An Improved Classie WSPR Controller

When I first put together the Classie WSPR transceiver my primary concern was the transmit/receive circuitry. I only concerned myself with the controller in so far as confirming it was putting out the correct waveform with the proper timing. But once I had the transceiver on the air for a while it was time to start working on improvements to the controller.

The Updated Classie WSPR Controller

The schematic for the updated controller is shown below but most of the changes are in the software (available in the GitHub repository).


Updated Controller Schematic

Some of the improvements that’ve been made include:

VOX Controlled Transmit/Receive Timing – The original controller had no provision for aligning the WSPR transmit/receive cycle with real time. Correct timing was achieved by resetting the controller at the top of an even numbered minute. After that, all timing was done in software and depended on the controller crystal’s accuracy.

The updated controller software uses a software voice-operated switch (VOX) based on the Goertzel tone detection algorithm to put transmit and receive timing under control of the WSPR software.

Calibration Mode – The controller still uses an Si5351 to generate the transmitted signal and receiver local oscillator. The accuracy of these signals depends directly on the accuracy of the Si5351 crystal. To compensate for any innacuracies, NT7S’s Si5351 library (which I use in the controller software) has a provision to specify a correction factor that’s applied to the crystal frequency.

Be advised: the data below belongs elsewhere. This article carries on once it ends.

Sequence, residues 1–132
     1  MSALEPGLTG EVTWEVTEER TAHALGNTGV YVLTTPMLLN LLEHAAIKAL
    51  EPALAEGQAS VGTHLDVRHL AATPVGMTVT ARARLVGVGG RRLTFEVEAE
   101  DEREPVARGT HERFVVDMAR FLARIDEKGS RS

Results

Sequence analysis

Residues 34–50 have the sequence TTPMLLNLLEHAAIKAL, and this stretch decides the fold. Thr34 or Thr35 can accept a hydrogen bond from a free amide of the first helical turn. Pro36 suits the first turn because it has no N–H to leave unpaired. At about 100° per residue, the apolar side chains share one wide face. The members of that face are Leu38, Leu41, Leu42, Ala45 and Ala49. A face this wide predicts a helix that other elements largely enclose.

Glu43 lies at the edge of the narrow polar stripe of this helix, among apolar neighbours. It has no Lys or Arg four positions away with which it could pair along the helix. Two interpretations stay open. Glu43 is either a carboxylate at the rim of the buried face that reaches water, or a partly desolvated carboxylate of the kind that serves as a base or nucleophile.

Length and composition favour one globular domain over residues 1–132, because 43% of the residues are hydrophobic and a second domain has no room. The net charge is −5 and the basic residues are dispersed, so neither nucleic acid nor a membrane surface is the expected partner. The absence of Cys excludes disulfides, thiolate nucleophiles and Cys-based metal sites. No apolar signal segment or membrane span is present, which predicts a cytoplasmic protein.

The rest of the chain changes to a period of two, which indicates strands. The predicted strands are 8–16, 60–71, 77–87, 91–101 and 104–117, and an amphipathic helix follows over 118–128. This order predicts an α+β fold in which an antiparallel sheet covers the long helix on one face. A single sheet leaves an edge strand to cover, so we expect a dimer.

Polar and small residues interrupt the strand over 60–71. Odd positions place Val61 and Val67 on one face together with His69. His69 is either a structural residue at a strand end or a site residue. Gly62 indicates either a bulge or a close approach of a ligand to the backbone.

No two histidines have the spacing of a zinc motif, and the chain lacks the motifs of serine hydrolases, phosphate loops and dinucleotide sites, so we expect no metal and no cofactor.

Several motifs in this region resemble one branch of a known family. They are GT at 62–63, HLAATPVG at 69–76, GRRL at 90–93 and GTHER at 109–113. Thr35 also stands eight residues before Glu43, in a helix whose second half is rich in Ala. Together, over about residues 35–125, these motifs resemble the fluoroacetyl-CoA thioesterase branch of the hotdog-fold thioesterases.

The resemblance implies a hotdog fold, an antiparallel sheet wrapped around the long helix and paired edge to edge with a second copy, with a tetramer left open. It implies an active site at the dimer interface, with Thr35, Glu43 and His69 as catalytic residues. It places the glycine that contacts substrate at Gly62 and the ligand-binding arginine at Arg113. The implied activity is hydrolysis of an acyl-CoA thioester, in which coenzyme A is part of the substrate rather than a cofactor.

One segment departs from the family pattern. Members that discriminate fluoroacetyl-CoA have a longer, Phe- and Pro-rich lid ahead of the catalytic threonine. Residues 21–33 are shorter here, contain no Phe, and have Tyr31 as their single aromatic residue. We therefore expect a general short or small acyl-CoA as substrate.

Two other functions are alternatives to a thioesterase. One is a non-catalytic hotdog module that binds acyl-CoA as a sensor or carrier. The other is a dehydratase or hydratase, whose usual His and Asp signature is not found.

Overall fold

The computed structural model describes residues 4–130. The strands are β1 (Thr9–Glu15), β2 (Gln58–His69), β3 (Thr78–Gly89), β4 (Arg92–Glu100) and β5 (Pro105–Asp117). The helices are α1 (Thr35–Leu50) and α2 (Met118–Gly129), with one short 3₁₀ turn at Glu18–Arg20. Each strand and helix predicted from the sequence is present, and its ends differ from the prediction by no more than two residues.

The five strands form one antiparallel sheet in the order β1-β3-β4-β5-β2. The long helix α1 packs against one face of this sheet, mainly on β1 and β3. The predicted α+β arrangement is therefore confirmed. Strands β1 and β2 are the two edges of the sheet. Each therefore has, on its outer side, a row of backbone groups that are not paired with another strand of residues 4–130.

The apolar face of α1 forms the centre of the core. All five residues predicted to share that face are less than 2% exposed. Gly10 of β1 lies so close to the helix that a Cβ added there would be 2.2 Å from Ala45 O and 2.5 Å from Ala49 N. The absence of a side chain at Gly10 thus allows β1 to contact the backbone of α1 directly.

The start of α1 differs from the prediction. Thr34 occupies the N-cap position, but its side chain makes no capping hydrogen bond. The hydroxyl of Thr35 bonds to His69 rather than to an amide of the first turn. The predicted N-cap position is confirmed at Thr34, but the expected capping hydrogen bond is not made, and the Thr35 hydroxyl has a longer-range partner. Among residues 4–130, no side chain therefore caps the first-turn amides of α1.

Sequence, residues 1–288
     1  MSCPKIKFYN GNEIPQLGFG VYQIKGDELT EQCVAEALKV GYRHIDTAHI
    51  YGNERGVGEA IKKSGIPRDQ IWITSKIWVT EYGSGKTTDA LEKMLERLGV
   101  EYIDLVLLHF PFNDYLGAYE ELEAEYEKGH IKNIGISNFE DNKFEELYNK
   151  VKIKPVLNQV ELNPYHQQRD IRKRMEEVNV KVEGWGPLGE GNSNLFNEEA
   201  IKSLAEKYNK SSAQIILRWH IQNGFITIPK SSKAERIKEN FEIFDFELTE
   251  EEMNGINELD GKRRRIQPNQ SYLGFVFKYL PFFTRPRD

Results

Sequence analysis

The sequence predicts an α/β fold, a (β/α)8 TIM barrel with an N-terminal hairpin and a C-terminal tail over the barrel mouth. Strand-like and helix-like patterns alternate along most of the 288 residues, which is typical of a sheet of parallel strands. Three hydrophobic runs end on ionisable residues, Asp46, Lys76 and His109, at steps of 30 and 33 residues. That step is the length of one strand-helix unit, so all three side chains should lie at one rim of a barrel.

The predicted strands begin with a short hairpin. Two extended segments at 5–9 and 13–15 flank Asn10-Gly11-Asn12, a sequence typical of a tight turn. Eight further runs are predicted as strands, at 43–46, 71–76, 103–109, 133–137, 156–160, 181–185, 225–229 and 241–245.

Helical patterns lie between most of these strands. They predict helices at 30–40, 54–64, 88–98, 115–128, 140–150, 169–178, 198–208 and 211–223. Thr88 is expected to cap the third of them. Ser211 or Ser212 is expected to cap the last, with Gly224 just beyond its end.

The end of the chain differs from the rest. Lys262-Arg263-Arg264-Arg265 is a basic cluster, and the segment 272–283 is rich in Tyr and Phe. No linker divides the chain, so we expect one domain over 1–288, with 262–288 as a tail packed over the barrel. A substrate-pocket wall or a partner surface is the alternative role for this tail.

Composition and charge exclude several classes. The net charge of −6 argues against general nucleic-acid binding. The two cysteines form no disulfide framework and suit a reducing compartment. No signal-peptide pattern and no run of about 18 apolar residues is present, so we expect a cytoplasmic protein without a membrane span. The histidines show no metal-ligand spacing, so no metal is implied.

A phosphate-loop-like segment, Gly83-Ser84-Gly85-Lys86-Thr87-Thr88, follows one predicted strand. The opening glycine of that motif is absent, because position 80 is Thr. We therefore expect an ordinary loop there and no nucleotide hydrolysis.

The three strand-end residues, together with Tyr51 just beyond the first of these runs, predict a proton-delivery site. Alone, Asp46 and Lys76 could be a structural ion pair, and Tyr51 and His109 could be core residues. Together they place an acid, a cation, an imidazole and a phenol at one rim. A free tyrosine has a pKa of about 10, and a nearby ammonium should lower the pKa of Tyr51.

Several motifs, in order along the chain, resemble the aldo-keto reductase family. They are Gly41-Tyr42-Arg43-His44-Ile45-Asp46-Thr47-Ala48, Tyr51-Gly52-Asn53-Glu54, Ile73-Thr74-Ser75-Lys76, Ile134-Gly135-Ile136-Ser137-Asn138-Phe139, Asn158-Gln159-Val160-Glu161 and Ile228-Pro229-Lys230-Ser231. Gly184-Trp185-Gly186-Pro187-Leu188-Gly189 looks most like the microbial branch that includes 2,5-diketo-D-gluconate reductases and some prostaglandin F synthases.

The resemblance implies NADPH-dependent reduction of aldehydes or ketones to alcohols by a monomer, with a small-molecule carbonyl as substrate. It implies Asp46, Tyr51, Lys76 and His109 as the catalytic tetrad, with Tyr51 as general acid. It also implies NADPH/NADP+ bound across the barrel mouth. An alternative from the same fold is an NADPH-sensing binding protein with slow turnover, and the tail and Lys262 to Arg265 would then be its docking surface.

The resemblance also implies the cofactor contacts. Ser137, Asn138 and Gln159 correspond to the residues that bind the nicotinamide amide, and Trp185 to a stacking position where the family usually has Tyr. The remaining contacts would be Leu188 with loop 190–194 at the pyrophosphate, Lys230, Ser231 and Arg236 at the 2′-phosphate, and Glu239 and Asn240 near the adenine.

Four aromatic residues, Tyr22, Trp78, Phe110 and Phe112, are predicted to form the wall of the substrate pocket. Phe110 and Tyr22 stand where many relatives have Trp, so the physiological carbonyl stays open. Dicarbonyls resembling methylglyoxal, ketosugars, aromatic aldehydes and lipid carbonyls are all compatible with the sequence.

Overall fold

With the updated controller software, if you reset the Arduino with pin 2 grounded the transceiver will go into receive mode at a specified calibration frequency. Used in conjunction with a known reference frequency, you can calculate the required correction factor for use in the software.

For example, using WWV’s 10 MHz signal as the reference with the calibration frequency set to 9985 kHz, WWV’s carrier is beat down to around 15 kHz, plus/minus some error. Using Spectrum Lab or similar software to measure the actual beat frequency, the calibration factor can be calculated as:

corr=\frac{f_{expected}-f_{measured}}{f_{cal}}\times 10^{7}

where

fexpected = expected frequency
fmeasured = measured frequency
fcal = calibration frequency

Integrated Sound Card – The original Classie WSPR transceiver was designed for use with a separate sound card. Since the USB port was used to power the controller, this meant there were two cables connecting the PC to the controller (USB and audio). To minimize the number of cables I included a PCM2904 audio codec in the controller. This allows for operation with only a single USB connection between the controller and PC.

Setting Things Up

Like the original, the WSPR message, transmit frequency, and receive local oscillator frequency are hardcoded in the controller software. Keeping with this motif, the calibration frequency and correction factor are hardcoded as well. All of these values need to be updated as appropriate and the resulting binary loaded into the controller. To make this easier, these values have been moved to a separate include file.

Proper operation of the VOX requires the difference between the receive local oscillator and WSPR band center to be less than approximately 19 kHz. The VOX bandwidth is set to 196 Hz to match the width of the WSPR band and ideally the WSPR software transmitted tone will fall at or near the center of that bandwidth. If for some reason the VOX appears to be operating intermittently, try varying the transmitted frequency from within the WSPR software to move the transmitted tone more toward the center of the VOX bandwidth.